Nathaniel Cannon and the Secret of the Dutchman’s Cross No. 84

“X-Ray Three is first on the hook, then Ace flight’s damaged planes.” Joe searched the sky for the British fighters which had survived the aerial minefield, and caught the sun glinting off of them as they winged their way back toward the ailing British airship. “Yankee flight will fly rear guard. Everyone else lands in takeoff order. Yankee One, out.”

Joe led Emma mile behind Inconstant, then banked into a lazy turn. After a few minutes, Emma’s voice came over the radio. “I’m gonna be right miffed if I have to land in the dark again.”

As much as his harness would let him, Joe shrugged. “Don’t want to write off another Kestrel. Can’t always get what you want, though.”


Emma did, at least—the rest of the air wing got aboard in good order, and Emma and Joe hit the skyhooks just as the sun dipped below the horizon. Sparrow fell further back with each passing minute. Already, between the dark and the haze, she was hard to spot. As the winches pulled Joe’s Falcon into the hangar, he felt the zep turn. If he knew Cannon, they’d be turning again after an hour or so, once full dark settled in, to put the last touches on their escape.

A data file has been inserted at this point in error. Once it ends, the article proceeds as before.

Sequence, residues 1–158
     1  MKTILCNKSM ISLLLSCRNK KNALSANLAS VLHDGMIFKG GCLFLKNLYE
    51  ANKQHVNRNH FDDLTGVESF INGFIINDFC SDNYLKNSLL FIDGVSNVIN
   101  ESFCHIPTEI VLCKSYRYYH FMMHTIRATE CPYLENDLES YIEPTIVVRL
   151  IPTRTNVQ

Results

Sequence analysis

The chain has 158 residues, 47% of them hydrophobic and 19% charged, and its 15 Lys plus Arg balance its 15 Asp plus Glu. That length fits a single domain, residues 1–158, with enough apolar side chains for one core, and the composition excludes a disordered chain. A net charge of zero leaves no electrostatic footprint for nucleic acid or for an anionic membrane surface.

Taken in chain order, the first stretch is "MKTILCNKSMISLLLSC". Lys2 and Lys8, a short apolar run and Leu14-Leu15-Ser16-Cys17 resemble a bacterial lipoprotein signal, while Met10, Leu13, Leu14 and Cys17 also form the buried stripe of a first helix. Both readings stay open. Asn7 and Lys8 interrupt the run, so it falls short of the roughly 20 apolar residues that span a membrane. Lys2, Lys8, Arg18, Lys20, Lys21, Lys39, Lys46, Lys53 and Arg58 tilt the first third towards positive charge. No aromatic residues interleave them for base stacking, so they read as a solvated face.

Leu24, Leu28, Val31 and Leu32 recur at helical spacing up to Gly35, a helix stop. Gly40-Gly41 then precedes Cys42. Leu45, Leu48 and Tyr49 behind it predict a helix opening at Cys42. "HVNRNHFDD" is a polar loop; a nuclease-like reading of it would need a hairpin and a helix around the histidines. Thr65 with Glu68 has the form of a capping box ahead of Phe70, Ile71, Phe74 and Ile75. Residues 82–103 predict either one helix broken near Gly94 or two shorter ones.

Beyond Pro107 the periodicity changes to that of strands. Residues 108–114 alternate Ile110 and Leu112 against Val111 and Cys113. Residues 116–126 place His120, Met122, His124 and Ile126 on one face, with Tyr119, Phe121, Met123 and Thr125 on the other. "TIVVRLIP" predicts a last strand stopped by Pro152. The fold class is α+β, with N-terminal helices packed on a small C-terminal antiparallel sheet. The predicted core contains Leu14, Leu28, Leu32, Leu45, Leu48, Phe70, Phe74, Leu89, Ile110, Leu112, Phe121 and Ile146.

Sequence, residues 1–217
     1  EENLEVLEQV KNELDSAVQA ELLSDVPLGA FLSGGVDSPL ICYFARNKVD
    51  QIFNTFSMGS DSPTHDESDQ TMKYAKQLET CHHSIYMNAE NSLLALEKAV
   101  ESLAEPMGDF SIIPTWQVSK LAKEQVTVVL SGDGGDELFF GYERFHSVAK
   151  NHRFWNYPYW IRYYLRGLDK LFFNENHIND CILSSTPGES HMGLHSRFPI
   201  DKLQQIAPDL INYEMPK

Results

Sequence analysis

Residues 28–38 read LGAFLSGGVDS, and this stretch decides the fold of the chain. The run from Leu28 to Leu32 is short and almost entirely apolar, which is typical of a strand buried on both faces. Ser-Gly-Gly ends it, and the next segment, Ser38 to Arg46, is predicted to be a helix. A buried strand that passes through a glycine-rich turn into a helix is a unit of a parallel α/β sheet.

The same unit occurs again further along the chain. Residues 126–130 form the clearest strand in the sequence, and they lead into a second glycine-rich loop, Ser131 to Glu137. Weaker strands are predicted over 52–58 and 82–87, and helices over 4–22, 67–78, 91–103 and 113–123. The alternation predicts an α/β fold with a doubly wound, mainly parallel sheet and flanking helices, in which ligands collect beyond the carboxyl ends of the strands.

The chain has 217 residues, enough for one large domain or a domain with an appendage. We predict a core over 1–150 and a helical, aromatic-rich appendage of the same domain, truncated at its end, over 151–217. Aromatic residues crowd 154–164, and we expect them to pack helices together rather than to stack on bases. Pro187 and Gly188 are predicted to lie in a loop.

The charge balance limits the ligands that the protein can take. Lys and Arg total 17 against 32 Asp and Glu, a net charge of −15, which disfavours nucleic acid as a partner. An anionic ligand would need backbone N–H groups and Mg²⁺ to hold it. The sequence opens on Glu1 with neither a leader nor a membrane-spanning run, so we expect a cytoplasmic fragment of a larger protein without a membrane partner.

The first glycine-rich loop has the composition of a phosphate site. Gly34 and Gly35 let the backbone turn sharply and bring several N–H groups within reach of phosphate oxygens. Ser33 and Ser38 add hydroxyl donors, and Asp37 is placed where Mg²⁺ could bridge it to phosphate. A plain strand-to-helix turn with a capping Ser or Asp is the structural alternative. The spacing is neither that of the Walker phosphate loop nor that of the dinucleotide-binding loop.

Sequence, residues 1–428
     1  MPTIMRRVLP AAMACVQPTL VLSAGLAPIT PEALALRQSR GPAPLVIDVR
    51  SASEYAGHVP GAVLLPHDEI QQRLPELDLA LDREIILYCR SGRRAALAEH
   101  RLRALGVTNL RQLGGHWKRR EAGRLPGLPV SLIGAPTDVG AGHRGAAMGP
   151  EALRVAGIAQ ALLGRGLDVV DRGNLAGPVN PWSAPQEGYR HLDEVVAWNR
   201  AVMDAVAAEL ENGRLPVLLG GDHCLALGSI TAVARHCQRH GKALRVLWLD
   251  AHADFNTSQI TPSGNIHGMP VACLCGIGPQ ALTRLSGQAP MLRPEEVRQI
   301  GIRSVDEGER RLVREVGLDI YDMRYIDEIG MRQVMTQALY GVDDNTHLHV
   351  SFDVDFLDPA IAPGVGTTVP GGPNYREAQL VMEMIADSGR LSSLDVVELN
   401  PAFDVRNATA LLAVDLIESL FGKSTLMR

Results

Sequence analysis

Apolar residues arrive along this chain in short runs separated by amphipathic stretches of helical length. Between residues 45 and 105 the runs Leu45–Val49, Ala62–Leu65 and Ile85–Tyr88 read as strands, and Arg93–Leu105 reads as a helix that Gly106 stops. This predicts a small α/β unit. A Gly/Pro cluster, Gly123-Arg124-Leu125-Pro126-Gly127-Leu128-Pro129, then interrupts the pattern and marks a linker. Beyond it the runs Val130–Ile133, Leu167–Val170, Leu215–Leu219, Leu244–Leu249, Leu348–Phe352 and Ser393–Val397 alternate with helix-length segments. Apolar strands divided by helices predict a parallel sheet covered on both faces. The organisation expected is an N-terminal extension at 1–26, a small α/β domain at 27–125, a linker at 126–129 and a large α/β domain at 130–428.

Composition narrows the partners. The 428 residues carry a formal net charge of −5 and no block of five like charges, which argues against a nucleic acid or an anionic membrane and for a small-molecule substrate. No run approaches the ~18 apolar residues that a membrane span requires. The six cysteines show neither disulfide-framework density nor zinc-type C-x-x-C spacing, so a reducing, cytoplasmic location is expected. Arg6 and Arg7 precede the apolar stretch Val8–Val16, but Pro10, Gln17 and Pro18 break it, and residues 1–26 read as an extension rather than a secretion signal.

The deck crew moved Joe’s fighter toward its parking spot, and Joe felt the tension going out of his shoulders. Even in this line of work, wilder weeks were few and far between. The Long Nines hadn’t lost a single one of their number, and the payday would do to replace the planes too far gone to save.

Joe cranked his canopy open and waited for the deck crew to put his ladder up. Unstrapping and climbing down, he headed forward amid the lively bustle of the hangar. First, he had a report to deliver to the boss. After that, he had an appointment with some down time.

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